In Afghanistan the Taliban has announced a three-day ceasefire over the Muslim Eid holiday in the middle of June, their first offer of its kind, days after the government declared an unconditional ceasefire of its own.
The militants said foreign forces would be excluded from the ceasefire and that operations against them would continue.
They also said they would defend themselves against any attack.
"Members of the Taliban should not participate in public gatherings during the Eid festivities because the enemy could target us," they said in a statement.
The presidential palace welcomed the announcement and said it hoped it can lead to lasting peace.
Omar Zakhilwal, Afghanistan's Ambassador to neighbouring Pakistan, described the announcement as an "important step towards prospects for peace".
"Hope the pleasure of shedding no Afghan blood in Eid becomes so overwhelming that rest of year is also declared as Afghan Eid," he said on Twitter.
The Taliban attacked security outposts in the Zawul district of western Herat province on Friday night, killing 17 troops and wounding several, a spokesman for the provincial governor said.
It was not clear exactly when the ceasefire would begin, as Eid starts when the moon is first sighted, but Afghan calendars mark Friday 15 June as the end of Ramadan.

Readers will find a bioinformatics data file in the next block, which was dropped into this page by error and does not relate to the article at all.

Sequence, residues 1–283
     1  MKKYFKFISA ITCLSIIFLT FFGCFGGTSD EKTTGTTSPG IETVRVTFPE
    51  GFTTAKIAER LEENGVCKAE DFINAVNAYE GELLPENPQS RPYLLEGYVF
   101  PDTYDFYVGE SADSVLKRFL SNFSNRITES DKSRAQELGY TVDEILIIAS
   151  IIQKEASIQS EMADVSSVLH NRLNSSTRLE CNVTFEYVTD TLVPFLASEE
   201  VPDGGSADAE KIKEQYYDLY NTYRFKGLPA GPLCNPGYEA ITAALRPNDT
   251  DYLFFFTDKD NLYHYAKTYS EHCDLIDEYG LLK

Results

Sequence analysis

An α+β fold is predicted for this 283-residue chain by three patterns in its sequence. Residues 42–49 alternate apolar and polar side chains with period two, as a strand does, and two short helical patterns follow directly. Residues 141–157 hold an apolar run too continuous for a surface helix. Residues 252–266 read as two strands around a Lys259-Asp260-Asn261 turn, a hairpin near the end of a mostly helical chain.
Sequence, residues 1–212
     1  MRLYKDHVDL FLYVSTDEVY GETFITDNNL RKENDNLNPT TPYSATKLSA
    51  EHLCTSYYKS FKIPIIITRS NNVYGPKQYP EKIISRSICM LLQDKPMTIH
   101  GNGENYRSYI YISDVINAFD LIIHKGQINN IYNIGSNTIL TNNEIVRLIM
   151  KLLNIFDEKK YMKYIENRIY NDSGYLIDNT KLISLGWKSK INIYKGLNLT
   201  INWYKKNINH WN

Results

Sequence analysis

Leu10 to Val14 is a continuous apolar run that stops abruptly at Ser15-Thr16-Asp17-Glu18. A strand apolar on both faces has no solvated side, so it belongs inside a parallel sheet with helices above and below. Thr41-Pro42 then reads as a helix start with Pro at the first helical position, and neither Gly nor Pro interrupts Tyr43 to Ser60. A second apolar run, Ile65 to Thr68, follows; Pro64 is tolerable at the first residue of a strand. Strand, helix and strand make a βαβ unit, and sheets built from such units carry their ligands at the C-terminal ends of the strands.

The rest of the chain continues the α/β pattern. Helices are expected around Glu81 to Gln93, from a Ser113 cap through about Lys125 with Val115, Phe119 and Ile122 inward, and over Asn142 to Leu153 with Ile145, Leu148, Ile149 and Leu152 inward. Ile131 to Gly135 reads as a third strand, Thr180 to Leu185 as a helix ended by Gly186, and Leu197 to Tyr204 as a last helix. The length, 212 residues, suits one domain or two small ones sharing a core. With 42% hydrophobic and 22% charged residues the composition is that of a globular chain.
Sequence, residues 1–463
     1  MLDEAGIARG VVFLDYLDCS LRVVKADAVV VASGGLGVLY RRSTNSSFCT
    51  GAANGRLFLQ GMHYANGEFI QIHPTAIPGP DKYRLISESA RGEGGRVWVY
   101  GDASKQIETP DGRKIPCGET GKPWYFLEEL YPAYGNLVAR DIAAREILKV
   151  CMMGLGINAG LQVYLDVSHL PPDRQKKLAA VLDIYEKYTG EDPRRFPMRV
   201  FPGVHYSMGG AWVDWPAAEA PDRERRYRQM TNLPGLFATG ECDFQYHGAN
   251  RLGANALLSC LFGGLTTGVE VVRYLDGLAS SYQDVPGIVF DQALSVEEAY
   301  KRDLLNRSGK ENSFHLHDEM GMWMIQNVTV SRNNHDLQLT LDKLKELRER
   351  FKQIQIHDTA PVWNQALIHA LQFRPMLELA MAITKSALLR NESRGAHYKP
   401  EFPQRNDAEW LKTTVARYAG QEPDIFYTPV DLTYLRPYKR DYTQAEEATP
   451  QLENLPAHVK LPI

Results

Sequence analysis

Eid is the biggest festival in the Muslim calendar when families visit each other's homes, enjoy feasting, and in Afghanistan tend graves of fallen loved ones.
The Taliban, seeking to re-impose strict Islamic law after their 2001 ouster at the hands of US-led troops, have launched attacks during Eid in the past.
"In three days, maybe the unity of Taliban insurgents will be put to test," one European diplomat said. "If different factions don’t accept the ceasefire, then attacks will continue."
Afghan President Ashraf Ghani announced an unconditional ceasefire with the Taliban on Thursday, until 20 June, but excluding other militant groups, such as so-called Islamic State.
Mr Ghani's decision came after a meeting of Islamic clerics declared a fatwa, or ruling, against suicide bombings, one of which, claimed by Islamic State, killed 14 people at the entrance to the clerics' peace tent in Kabul.
The clerics also recommended a ceasefire with the Taliban and Mr Ghani endorsed the recommendation.
Mr Ghani in February offered recognition of the Taliban as a legitimate political group in a proposed political process that he said could lead to talks to end more than 16 years of war.
He proposed a ceasefire and a release of prisoners among options including new elections involving the militants and a constitutional review in a pact with the Taliban to end a conflict that last year alone killed or wounded more than 10,000 civilians.
In August, US President Donald Trump unveiled a more hawkish military approach to Afghanistan, including a surge in air strikes, aimed at forcing the Taliban to the negotiating table.
Afghan security forces say the impact has been significant, but the Taliban roam huge swaths of the country and, with foreign troop levels of about 15,600, down from 140,000 in 2014, there appears little hope of outright victory.